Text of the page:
As soon as I started telling people I was going to Spain for the first time, I began getting an outpouring of suggestions about where I should go and what I should see.
And, inevitably, about every third suggestion centered around the Alhambra.
This Arabic palace complex in the Andalusian city of Granada is the top tourist destination in the whole of Spain, with thousands of people pouring through its halls and gardens each and every day.
To some, that might sound like a nightmare. But I knew (or perhaps it was conditioned into my brain by all my insistent friends and readers) that I would regret not going to the Alhambra if I was already going to be in the area.
So I booked a day trip to Granada from Seville.
From Seville, Granada is about a 3-hour drive. We left before the sun even came up in Seville, but luckily that meant we were in Granada and doing a walking tour of the Albaicin (historical Arabic neighborhood) before lunchtime.
Unfortunately, though, I was also visiting southern Spain during some of the WORST weather. This part of the world (and especially this part of Spain) is known for its almost-perpetually sunny skies. Well, not when I was there. I got one day of sun in Seville, and a day of pouring rain in Granada.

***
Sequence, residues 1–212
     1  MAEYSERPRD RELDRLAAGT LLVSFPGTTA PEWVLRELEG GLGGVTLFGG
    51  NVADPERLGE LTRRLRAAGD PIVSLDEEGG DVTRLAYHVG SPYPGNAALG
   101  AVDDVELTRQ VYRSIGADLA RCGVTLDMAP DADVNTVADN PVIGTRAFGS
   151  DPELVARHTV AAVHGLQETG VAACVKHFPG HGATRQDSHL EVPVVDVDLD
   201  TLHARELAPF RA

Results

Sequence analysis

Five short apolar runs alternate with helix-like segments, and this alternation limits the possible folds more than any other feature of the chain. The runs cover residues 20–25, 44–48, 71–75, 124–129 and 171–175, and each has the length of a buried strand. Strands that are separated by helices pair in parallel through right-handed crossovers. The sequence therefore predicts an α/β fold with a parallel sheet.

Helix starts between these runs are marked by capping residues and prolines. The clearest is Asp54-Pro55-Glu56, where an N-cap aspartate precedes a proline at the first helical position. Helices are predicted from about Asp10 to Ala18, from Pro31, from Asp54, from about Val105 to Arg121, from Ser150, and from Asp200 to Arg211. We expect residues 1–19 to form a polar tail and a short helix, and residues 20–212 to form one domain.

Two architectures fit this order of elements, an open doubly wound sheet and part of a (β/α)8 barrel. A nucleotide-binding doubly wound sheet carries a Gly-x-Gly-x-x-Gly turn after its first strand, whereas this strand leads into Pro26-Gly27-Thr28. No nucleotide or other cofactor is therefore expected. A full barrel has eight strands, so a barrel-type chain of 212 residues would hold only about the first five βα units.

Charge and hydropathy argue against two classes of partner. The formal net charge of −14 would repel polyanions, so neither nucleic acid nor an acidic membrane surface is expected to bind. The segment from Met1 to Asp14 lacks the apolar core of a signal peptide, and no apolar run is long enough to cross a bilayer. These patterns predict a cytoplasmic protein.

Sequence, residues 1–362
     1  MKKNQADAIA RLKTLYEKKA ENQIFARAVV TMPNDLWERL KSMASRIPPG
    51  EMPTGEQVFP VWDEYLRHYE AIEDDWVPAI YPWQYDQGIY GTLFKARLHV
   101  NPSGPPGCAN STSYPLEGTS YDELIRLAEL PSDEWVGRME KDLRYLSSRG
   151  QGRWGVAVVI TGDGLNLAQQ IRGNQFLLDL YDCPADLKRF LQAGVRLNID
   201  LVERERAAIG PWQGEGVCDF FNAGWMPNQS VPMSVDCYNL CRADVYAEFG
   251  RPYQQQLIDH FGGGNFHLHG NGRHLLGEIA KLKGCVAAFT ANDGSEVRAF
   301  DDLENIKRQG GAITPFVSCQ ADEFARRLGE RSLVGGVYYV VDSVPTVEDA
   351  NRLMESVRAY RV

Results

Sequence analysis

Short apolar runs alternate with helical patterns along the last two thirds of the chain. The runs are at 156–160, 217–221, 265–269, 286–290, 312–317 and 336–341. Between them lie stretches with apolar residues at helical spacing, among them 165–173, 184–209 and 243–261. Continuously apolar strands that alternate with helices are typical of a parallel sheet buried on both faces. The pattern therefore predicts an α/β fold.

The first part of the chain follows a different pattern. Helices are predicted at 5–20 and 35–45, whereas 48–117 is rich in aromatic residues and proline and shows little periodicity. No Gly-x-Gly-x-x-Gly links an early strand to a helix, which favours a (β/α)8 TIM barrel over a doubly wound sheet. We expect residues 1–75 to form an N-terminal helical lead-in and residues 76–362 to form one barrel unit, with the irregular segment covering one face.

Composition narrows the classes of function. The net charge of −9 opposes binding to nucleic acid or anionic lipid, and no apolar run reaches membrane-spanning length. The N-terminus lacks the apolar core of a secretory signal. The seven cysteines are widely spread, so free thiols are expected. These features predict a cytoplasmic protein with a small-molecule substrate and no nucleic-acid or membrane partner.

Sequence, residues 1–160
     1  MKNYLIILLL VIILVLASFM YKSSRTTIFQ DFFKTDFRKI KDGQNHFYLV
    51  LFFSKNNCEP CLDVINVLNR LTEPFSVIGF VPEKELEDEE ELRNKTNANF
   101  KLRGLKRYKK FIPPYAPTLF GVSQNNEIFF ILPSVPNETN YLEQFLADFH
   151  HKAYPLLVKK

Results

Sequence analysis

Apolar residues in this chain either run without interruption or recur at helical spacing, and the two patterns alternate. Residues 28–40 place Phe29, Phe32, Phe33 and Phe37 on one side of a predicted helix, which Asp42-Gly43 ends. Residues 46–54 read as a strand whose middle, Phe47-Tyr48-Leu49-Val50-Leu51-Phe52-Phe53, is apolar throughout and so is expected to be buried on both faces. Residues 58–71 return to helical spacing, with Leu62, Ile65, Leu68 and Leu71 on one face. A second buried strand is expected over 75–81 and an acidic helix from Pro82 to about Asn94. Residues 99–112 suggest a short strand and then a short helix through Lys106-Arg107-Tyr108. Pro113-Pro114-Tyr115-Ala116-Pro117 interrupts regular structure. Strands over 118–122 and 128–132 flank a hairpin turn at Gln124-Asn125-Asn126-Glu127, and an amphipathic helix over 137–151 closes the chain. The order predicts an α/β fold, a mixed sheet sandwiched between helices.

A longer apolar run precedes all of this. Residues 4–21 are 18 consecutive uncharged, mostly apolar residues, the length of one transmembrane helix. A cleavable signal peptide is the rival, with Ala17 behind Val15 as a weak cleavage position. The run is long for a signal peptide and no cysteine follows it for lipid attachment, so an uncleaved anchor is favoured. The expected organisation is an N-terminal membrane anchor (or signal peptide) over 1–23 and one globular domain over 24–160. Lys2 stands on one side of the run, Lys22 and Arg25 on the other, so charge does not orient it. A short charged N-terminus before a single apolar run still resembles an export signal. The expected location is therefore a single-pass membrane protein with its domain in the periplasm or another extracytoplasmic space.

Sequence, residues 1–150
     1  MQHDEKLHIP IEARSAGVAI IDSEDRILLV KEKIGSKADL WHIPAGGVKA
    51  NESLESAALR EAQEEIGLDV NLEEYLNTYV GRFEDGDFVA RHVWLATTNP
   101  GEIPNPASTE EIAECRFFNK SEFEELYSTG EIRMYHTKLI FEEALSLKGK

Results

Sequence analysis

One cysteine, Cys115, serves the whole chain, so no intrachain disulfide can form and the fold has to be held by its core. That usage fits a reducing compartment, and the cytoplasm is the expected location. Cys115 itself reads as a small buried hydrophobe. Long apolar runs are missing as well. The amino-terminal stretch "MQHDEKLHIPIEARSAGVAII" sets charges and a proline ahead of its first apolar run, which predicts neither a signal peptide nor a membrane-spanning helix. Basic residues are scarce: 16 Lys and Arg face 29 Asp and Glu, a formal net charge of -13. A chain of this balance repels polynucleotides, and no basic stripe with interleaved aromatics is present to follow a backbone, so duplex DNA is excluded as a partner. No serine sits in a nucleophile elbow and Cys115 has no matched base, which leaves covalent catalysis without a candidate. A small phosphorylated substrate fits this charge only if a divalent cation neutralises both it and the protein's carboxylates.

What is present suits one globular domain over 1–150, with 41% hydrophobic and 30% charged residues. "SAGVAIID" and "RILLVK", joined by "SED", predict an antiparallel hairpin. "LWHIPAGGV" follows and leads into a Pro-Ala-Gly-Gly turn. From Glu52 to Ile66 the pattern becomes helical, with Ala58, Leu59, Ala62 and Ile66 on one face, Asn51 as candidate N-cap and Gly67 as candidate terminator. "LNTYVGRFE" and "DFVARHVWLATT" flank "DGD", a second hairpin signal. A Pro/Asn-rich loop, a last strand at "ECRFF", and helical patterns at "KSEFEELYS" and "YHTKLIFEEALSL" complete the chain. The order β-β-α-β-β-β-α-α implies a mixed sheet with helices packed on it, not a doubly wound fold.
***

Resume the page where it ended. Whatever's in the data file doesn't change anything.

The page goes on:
But, it's a testament to how awesome the Alhambra is that I still ended up having a great time.
A little Alhambra history
Before I get into telling you about my visit to the Alhambra, a little history is in order first.
The Alhambra as we know it today was built over the course of a few centuries on the site of a former fortress, beginning in the late 800s. But it didn't really become “famous” until the emir Mohammed ben Al-Ahmar (Mohammed I) made it his royal residence in the 1300s.
Over the next 200-300 years, his successors would build the parts of the Alhambra that still stand today, adding on to the Alcazaba fortress that already existed.